Intelligence officials around the world were investigating the accusations, U.S. officials told CNN on Wednesday.
Investigators were talking to rebels and defectors, poring over medical intelligence regarding symptoms reported by doctors and looking at satellite imagery used to track missiles launched and chemical weapons movements, the officials said on condition of anonymity. They were not authorized to release details to the media.
A spokesman for Netanyahu, Mark Regev, told CNN that Israeli officials had no confirmation that chemical weapons had been used.
But Regev's comments did not square with those of Israeli Justice Minister Tzipi Livni.
"It is clear for us here in Israel" that chemical weapons have been used in Syria, and an international response should be on the table, Livni told CNN in an exclusive interview from her home in Tel Aviv.
Livni wouldn't say whether there is evidence the Syrian government has directed the use of any chemical weapons.
But she said the development would pose a direct threat to Israel, which shares a border with Syria.
Their concerns centered on an attack Tuesday in Khan al-Asal in the northern province of Aleppo. State-run media blamed rebels for the attack, which it said killed 25 people and injured more than 110 others.
Rebels say they have no chemical weapons
On Wednesday, Syria's U.N. ambassador, Bashar Ja'afari, said the Syrian government has asked Secretary-General Ban Ki-moon to open an investigation into the alleged use of chemical weapons by "terrorist groups," which is how the government refers to rebels.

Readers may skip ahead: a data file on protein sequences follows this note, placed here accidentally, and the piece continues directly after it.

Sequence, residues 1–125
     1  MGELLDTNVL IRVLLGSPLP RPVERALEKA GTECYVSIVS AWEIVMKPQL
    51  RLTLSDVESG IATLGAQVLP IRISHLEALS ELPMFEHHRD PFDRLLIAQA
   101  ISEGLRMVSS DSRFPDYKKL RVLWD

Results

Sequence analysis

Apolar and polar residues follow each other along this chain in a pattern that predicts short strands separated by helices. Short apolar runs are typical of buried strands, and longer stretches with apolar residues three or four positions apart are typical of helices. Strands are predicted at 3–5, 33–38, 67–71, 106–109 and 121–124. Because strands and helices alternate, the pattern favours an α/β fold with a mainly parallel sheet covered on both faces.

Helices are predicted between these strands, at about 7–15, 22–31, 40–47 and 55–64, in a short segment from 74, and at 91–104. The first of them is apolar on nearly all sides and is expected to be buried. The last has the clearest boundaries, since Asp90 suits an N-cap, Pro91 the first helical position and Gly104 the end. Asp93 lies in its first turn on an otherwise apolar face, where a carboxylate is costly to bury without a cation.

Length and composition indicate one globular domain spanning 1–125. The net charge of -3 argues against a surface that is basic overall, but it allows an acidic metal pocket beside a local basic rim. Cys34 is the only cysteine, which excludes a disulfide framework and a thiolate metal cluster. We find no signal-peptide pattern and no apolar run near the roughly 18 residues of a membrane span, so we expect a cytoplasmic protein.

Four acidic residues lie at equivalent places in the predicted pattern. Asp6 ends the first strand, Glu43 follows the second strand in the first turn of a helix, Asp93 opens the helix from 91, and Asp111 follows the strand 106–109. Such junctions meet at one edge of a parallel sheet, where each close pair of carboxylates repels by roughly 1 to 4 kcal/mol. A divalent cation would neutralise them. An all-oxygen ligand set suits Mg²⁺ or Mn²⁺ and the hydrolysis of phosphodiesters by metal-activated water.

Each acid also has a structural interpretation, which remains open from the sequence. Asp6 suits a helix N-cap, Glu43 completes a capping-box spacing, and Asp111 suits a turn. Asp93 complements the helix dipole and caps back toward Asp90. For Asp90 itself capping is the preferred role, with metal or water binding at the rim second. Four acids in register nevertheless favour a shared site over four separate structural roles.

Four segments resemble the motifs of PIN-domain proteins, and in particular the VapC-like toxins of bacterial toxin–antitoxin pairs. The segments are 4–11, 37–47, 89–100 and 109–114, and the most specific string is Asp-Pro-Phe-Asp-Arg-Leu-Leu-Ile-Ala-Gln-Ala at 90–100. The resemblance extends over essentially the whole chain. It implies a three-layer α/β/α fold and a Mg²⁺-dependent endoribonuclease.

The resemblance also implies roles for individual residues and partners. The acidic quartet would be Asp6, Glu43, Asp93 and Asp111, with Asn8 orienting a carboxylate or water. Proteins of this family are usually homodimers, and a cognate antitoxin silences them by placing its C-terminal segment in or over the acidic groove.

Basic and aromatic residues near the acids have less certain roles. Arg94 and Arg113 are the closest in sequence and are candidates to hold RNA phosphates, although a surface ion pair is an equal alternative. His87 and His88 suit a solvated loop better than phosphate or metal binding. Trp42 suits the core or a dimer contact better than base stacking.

But the opposition Free Syrian Army said rebels don't have access to chemical weapons and blamed the casualties on a government missile.
Separately, an opposition group said the government attacked the rural Damascus suburb of Ateibeh with "chemical rockets," causing an unspecified number of deaths along with cases of suffocation, nausea and hysteria. There was no immediate government response.
The reports ignited a firestorm of reactions, with Russia slamming the rebels and some U.S. lawmakers saying that Washington might need to take action against the Syrian government.
Observers: Images are not consistent with a chemical weapons attack
But images posted by Syrian state-run media of the aftermath of the Aleppo incident, which the government blamed on rebels, are not consistent with a chemical weapon attack, some observers said.
"There are no images of the site of the attack; just of some affected people. These people do not show outward symptoms of a CW (chemical weapon) attack. Definitely not mustard; definitely not a nerve agent," wrote Jean Pascal Zanders, senior research fellow at the European Union Institute for Security Studies.
"There are far too many people, including non-medical staff, around the affected persons. Apart from a surgical mask, nobody wears any protective garment or gas masks. If there would have been a CW attack with one of the agents known (or believed) to be in Syria's arsenal, then most of the people present would have been fatally or seriously contaminated."
He added that, during the Arab uprisings, witness reports cited chemical attacks, but none had been confirmed. "People are exposed to a wide range of toxicants in today's battlefield," he said in an e-mail. "Furthermore, once a rumor gets around, people are more likely to think that they suffer from symptoms similar to the ones being rumored."
Not the first round of claims
U.S. officials pointed to previous claims that the Syrian government used chemical weapons, which were found to be false after extensive investigation.
The Syrian government did not use chemical weapons against residents of Homs in a December attack, a U.S. State Department investigation showed, but did apparently misuse a riot-control gas in the incident, according to senior U.S. officials.
The officials said the State Department launched a probe from its consulate in Istanbul, Turkey, after reports from doctors and activists that dozens of people suffered nervous system, respiratory and gastrointestinal ailments after inhaling the gas in Homs on December 23.
The civil war -- which began two years ago after a government crackdown on Syrian protesters -- has left around 70,000 people dead and uprooted more than 1 million others, the United Nations has said.